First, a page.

Yes or no?

I have, over the years, come across a number of excellent articles on the value of learning to say ‘No’. And it is good advice. We bend over backwards, tie ourselves in knots and wear ourselves to shreds sometimes trying to do and be everything others ask of us. It is, just occasionally, okay to say no.

I will be the first to hold up my hand in guilt at this one, learning how and when to refuse has been a long, hard journey… and one I am still working on. The natural instinct is to be helpful and personally I have found saying yes to everything a hard habit to break. It is not easy to learn to accept that sometimes no is the best answer.

But what I find strange, amid all the helpful and useful articles about learning to say no, is that there is a dearth of similar advice about saying yes to life.

And sometimes that is precisely what we need to find the courage to do.

A few years ago I was given a simple yes/no option.

The no would have preserved the status quo, involved no risk, cherished the familiar and allowed life to continue a confortable pattern. I knew where I was heading, could understand the possibilities of the future, though not predict them, and even the not-so-good bits were homely and not completely unknown.

A yes would not only challenge all I knew and much of what I held dear, it would, it was clear, alter the dynamics of my life in ways I could not imagine or foretell. It would truly be a step in the dark, without any knowledge of the ground beneath my feet. Stepping out of my comfort zone and the life I knew would be like being stranded in a deep pool, blindfolded and disoriented, having to trust that I would be guided to shore.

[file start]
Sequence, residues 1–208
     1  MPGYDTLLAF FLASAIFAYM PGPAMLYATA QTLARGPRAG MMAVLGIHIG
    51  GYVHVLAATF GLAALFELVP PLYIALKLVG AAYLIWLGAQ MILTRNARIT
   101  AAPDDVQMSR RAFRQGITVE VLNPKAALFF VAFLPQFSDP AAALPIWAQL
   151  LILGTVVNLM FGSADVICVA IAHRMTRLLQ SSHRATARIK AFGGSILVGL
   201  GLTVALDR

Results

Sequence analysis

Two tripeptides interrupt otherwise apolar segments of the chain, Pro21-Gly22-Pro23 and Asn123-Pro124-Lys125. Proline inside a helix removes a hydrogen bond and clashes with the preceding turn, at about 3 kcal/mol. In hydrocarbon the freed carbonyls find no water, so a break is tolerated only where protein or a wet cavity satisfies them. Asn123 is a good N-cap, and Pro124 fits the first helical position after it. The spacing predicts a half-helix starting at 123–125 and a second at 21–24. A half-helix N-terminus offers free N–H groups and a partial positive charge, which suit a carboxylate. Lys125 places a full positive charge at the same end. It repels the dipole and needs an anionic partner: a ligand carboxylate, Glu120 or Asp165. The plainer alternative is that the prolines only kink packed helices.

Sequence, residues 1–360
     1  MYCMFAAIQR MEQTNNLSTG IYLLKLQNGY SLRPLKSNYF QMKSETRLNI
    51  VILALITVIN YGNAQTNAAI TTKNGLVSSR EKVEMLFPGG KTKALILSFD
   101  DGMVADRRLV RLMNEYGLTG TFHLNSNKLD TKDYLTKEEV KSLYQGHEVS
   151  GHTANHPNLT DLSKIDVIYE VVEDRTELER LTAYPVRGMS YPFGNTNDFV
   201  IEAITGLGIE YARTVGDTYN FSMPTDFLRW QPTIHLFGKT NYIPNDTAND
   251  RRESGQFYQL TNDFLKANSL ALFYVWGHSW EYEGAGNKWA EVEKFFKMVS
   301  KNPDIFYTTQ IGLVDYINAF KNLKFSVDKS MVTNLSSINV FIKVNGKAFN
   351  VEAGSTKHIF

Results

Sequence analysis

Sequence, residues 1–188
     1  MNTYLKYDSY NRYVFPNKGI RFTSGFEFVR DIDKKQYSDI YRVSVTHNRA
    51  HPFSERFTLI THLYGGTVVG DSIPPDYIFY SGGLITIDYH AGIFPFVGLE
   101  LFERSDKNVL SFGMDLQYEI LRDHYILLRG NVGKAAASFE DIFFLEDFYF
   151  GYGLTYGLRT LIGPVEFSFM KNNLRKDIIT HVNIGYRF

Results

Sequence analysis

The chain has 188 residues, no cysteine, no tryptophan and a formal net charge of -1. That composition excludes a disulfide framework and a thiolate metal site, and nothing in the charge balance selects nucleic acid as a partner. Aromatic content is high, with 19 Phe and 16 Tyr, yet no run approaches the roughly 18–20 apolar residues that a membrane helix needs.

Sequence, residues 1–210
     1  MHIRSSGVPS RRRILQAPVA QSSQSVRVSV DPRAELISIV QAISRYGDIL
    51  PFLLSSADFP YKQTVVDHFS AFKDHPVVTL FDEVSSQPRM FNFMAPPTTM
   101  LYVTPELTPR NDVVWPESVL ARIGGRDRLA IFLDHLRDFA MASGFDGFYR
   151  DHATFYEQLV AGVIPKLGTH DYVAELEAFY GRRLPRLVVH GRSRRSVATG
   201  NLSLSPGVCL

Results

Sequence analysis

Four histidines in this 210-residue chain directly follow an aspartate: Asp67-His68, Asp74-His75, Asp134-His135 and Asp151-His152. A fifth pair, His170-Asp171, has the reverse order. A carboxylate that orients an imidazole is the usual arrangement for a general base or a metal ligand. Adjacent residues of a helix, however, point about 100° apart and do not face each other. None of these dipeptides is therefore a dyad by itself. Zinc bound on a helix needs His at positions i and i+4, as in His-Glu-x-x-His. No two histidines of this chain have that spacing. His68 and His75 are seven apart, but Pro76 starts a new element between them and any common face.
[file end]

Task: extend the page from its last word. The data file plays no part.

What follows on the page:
Any deviation from the normality I knew was going to involve this journey into unknown territory. I could see some of the potential ‘cost’ in purely human terms but as the choice itself was quite tenuous and blurred, I could not see how far away from my usual path I would be walking.

In face of this uncertainty, my instinct was to say a firm ‘no’. I freely admit it was fear… self-preservation… a fear of loss, if you will.

Yet, it pulled and tugged and niggled away. Knowing it was my own fear that held me back forced me to look closely at the whys and wherefores of my thoughts and actions. Once I had understood that I was permitting fear to make my decisions for me, I rebelled. After all, I am my own responsibility.

So I said ‘yes’.

A few years later and we have brought to birth a School whose students already span the globe. There is a shelf of books with my name on the spine, many of them in a creative partnership that is a delight. I cannot believe how close I came to allowing fear to rob me of what has been undoubtedly one of the best decisions of my life.

I have been challenged and worked, I have learned and taught, shared and given. I have driven many thousands of miles across a country I love and made new friends the world over. A mirror has been held up for me in which I have seen many flaws and weaknesses, seen core beliefs challenged and stripped away and where I have been obliged to reassess much of what I had accepted through habit and lack of thought. And through fear.

My entire life and lifestyle have been turned upside down and inside out. I have been both shaken and stirred. There has been loss, but only because I have felt it so. There have been huge changes, yet that is no bad thing. I barely recognise my life any more when I contrast it with the one I knew… yet I am deeply, completely content, more than I had ever been. And more myself than I have ever allowed myself to be.